Fresh from college in Tennessee, where he had played the title role in the Clifford Odets hit Golden Boy, a hayseed named John Cullum rolled into Manhattan with stars in his eyes and two letters of introduction in his pockets. One was addressed to a powerful Broadway agent, who said to go back to Knoxville. Letter No. 2 got him into the office of the founder of the Off Broadway Phoenix Theatre, who let him type and file for free for a couple days before hiring him as a spear carrier in George Bernard Shaw’s Saint Joan. Next thing he knew, Cullum stumbled into the roles of Rosencrantz and Marcellus in the Shakespearewrights’ uptown Hamlet, another money gig. “Six weeks in the Big Apple and I had two paying jobs as an actor,” Cullum marvels in his video memoir An Accidental Star. Nice going! He had rent to pay, six bucks a week.
Beginner’s luck or the story of his life? Maybe both. Once Cullum made it to Broadway as Sir Dinadan in the original cast of Camelot, he stuck around, not that everything came easy. “Most of the shows I have done—and the parts I have played—have come to me through the back door,” Cullum explains early on. Indeed. When impresarios came a cropper with hotshots like Maximilian Schell or Louis Jourdan or Jack Palance, they reeled in Cullum to save On a Clear Day You Can See Forever and then Shenandoah, for which he won his first Tony as lead actor in a musical. Three years later, for On the Twentieth Century, he took home another. Don’t expect to hear much about his appearances in the epic Hawaii, which filmed on Oahu, or his six seasons (with Emmy) on Northern Exposure. The big screen, the little screen, and regional theater for that matter were really just detours, which rate barely an aside.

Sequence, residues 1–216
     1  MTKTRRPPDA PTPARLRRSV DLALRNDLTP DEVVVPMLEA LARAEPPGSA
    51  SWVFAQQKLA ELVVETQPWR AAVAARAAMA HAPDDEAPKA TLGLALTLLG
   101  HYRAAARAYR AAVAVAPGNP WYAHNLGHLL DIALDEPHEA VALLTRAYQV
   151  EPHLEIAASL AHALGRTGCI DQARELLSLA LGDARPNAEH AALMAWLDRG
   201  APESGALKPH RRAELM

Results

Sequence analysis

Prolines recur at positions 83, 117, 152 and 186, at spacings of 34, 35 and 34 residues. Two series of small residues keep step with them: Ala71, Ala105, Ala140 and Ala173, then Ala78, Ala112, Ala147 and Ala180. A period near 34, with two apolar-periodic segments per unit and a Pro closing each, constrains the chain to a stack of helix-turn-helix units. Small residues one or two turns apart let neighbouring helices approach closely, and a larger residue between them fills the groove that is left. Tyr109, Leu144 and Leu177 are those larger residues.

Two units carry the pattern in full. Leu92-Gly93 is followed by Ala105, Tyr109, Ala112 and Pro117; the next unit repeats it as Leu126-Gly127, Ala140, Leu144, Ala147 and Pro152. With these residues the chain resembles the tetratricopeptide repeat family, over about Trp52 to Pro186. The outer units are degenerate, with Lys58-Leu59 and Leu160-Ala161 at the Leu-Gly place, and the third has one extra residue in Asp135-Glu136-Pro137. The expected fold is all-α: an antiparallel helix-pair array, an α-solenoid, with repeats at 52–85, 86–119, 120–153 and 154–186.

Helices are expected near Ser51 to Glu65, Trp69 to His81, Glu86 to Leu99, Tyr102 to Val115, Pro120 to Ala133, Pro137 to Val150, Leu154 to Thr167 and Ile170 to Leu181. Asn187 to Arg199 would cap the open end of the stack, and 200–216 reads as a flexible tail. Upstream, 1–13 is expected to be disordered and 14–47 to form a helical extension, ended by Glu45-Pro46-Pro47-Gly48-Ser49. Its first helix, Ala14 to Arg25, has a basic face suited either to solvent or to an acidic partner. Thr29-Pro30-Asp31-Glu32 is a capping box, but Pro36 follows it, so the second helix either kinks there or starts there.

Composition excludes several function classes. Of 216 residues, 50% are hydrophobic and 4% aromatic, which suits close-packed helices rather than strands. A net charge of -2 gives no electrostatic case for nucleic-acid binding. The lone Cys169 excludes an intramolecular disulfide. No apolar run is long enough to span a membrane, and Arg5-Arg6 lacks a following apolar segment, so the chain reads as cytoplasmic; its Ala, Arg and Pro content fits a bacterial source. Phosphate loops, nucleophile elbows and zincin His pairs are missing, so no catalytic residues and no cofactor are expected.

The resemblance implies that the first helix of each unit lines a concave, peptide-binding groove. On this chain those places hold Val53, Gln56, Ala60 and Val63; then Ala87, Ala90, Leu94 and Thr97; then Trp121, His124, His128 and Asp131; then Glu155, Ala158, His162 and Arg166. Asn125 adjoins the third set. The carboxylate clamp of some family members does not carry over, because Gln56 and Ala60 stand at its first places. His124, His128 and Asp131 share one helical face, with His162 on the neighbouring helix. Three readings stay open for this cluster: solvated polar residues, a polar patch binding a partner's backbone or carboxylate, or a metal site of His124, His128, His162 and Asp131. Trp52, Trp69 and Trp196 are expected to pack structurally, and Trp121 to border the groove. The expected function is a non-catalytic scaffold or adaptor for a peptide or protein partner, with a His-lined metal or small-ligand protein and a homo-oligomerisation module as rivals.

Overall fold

Songs from Cullum’s Broadway shows and some others, accompanied by Julie McBride, punctuate the 80-minute narrative, which proceeds in leisurely but irresistible cracker-barrel fashion. Best in show: “I Wonder What the King Is Doing Tonight,” from Camelot, originally sung by Richard Burton, whom Cullum understudied, and who, blissfully for him, was occasionally indisposed. With America’s Got Talent and TikTok jamming our frequencies, this Horatio Alger story lands like a fairy tale from the Age of Innocence. What a pleasure!
An Accidental Star is available for streaming on the Irish Repertory Theatre’s Web site
Matthew Gurewitsch writes about opera and classical music for AIR MAIL. He lives in Hawaii